Thomas Nolan ’20, a Near Eastern studies and government double major in the College of Arts and Sciences, has been awarded a Fulbright teaching fellowship. Nolan will work this fall in the country of Georgia.
Nolan spent time in Georgia during the fall semester of his junior year, when he traveled around the region following an internship at the Vatican.
“I loved it so much. Georgia is in this really interesting nexus where East meets West,” he said. “It’s an area that’s so often forgotten, but the three countries in the south Caucasus are a microcosm of world politics today. The U.S. is a big backer of Georgia, which has issues with Russia. Turkey is a backer of Azerbaijan, while Iran is backing Armenia. In this small area, all of these things are going on.”
Nolan was encouraged to apply for the position in Georgia by his Persian instructor, Iago Gocheleishvili, a senior lecturer in Near Eastern studies, who helped him think about the way to approach his future.
“I’ve always been thinking on the organizational level and not about the people who are impacted by government decisions,” said Nolan, who hopes to go into a career in diplomacy or law. “But professors like him have shown me it’s important to interact with people on the ground before you move on to other positions. Plus, he genuinely cares about his students and their work.”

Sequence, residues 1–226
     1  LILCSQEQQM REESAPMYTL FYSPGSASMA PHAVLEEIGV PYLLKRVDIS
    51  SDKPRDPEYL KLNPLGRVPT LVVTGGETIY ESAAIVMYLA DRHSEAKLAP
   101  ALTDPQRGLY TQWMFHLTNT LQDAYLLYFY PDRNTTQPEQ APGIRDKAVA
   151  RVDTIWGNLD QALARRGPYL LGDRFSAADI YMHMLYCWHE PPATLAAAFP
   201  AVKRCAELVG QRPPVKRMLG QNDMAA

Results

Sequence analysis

As a Fulbright English teaching assistant, Nolan will work with students at a university still to be determined. He will teach English and tackle a project he proposed during his application: forming an American a capella group with university students in Georgia.
“When I went to Georgia, I went to a rehearsal of this Georgian folk singing group and it devolved into them just singing for me,” said Nolan, who’s been a musical director at Cornell for the a cappella group Men of Last Call. “Although we had very different musical styles, we just had this instant connection. That’s the moment I knew Georgia was the country where I wanted to be.”
Singing would help his students learn English, and they could cap off the year with a concert, perhaps at the U.S. Embassy, he said.
Although Nolan is looking forward to the experience, he realizes that all of his plans are a bit up in the air, as the Fulbright program awaits more clarity around the impacts of the COVID-19 pandemic. The program has announced that its 2020-21 programs are delayed until at least January 2021.
He’s also applied to graduate school and was accepted into a master’s program in global governance and diplomacy at Oxford University in England, so he has an option if the Fulbright is canceled for 2021.
Kathy Hovis is a writer for the College of Arts and Sciences.